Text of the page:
"At 1pm on the 15th of March our world changed forever, and so will our gun laws", Mr Peters said.
Earlier Monday, the New Zealand arms dealer who sold weapons to the suspected mosque attacker said he felt no responsibility for the deaths of 50 worshippers who were gunned down. Further north, in Auckland, an unnamed gun shop owner reportedly had a significant increase in the sales of semi-automatic weapon and multiple phone enquiries about how much stock was left in store.
Sky New Zealand, which is the Pacific nation's largest satellite provider, even temporarily pulled Sky News Australia off the air after it repeatedly showed a portion of the video.
One possible new route would be the introduction of a buy-back program, along with closing existing loopholes that allow the import and adaptation of powerful guns, said David Small, a lawyer and professor at Canterbury University in Christchurch, to CNN.
New Zealand Prime Minister Jacinda Ardern is expected to try and gain support for more restrictive gun laws when she meets Cabinet on Monday after declaring over the weekend that New Zealand's gun laws "need to change" and "will change".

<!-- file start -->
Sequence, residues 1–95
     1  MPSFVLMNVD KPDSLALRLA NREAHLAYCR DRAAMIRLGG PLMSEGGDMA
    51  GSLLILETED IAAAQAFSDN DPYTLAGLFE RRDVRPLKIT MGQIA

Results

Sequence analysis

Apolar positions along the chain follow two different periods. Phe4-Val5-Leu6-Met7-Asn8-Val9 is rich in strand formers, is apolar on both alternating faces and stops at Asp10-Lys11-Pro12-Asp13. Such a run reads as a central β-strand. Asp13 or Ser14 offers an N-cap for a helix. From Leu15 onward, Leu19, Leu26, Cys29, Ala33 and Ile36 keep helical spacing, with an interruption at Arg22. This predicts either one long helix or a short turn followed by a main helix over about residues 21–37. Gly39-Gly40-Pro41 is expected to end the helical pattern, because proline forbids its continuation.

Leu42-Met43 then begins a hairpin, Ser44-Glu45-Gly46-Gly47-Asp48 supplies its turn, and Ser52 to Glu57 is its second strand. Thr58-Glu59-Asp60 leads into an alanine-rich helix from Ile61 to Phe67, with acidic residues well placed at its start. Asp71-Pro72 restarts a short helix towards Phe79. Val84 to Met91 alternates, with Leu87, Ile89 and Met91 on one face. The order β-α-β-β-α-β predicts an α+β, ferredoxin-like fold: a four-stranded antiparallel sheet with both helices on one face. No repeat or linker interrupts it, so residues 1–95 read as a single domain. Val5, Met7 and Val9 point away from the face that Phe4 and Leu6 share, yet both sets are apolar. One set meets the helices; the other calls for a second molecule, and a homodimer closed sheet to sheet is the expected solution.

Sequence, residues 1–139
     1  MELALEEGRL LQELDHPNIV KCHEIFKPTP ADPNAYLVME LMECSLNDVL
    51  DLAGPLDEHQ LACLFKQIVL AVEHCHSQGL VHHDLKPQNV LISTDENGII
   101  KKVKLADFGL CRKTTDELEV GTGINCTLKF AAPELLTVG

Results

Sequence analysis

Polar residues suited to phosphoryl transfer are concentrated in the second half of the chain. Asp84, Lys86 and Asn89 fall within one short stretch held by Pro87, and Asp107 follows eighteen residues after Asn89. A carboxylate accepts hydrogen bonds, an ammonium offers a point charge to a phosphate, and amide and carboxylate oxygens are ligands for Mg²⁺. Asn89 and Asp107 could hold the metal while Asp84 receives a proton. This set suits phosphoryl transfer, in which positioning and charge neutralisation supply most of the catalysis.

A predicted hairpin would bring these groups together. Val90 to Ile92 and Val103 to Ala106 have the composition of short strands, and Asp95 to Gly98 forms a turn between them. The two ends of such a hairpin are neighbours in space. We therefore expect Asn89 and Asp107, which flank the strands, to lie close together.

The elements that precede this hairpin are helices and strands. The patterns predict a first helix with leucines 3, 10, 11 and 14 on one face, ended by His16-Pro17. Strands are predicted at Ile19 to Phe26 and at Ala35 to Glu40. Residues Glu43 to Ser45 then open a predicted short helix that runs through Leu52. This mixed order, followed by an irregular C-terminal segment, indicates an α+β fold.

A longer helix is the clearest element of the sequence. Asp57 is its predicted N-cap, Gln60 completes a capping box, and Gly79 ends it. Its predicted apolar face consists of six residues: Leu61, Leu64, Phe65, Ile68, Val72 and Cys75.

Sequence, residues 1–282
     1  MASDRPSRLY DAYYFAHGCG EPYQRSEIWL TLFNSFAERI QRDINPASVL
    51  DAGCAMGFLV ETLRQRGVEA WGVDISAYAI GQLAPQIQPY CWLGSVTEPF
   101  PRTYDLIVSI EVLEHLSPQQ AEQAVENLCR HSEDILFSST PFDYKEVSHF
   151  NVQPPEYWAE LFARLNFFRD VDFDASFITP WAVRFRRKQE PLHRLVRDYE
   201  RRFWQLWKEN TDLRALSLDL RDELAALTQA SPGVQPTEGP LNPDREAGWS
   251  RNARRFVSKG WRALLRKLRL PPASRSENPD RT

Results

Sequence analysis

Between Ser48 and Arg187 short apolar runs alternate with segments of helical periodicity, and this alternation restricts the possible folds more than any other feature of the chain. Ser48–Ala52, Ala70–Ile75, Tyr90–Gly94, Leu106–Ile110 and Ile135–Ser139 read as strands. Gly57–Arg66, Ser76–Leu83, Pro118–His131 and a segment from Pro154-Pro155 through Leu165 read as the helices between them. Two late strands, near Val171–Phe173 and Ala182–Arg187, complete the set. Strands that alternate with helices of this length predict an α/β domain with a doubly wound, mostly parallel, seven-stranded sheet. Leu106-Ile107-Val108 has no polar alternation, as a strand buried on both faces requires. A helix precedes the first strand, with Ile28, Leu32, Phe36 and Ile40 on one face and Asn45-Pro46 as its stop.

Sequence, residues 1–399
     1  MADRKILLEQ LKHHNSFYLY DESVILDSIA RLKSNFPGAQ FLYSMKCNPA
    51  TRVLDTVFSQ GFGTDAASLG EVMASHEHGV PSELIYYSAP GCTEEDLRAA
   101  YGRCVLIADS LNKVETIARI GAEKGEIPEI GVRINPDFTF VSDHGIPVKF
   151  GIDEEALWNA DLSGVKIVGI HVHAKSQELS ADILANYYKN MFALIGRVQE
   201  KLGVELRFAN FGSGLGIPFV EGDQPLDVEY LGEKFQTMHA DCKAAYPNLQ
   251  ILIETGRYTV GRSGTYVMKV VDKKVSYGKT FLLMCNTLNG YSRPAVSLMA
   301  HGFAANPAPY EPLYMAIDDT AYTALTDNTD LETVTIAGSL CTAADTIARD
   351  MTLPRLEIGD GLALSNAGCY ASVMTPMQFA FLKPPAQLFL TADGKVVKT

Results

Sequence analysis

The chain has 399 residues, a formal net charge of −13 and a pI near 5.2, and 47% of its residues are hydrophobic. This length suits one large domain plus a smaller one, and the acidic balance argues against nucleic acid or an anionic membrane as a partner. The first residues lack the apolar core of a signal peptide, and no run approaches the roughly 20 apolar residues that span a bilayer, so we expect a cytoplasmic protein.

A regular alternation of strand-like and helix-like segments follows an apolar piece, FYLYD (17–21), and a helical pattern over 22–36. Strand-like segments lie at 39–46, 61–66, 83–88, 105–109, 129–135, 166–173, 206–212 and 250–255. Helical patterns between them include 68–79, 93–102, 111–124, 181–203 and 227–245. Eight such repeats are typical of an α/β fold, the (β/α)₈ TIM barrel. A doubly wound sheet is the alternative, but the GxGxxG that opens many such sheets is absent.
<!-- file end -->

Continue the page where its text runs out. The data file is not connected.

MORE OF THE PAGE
"We have listened to public sentiment following Friday's terrorist attack in Christchurch and chose to remove all semi-automatic firearms sales and parts associated with those weapons today", Trade Me's statement reads.
The tightened gun laws will put New Zealand in line with several other countries who have changed legislation in the wake of tragedy.
Ms Ardern has spoken about requiring licenses for individual guns, rather than for users, and banning semiautomatic weapons.
"The primary aim of the activity is to formally obtain material that may assist New Zealand Police in their ongoing investigation", the agencies said in a joint statement. The New Zealand Police Association has long called for reform of the 1983 Arms Act, in which gun registration was abandoned in favour of controlling users rather than the firearms.
Only firearm owners are licensed, not weapons, so there is no monitoring of how many weapons a person may possess.
New Zealand Prime Minister Jacinda Ardern speaks to representatives of the Muslim community at Canterbury refugee centre in Christchurch, New Zealand March 16, 2019.
Ms Ardern was the first signatory of a national condolence book for the worst peacetime mass killing in New Zealand that she opened in the capital Wellington on Monday. "We are one. They are us", she wrote in the book.
Tributes continue to pour in for the victims, as some of their families wait for bodies of those killed to be released after post mortems.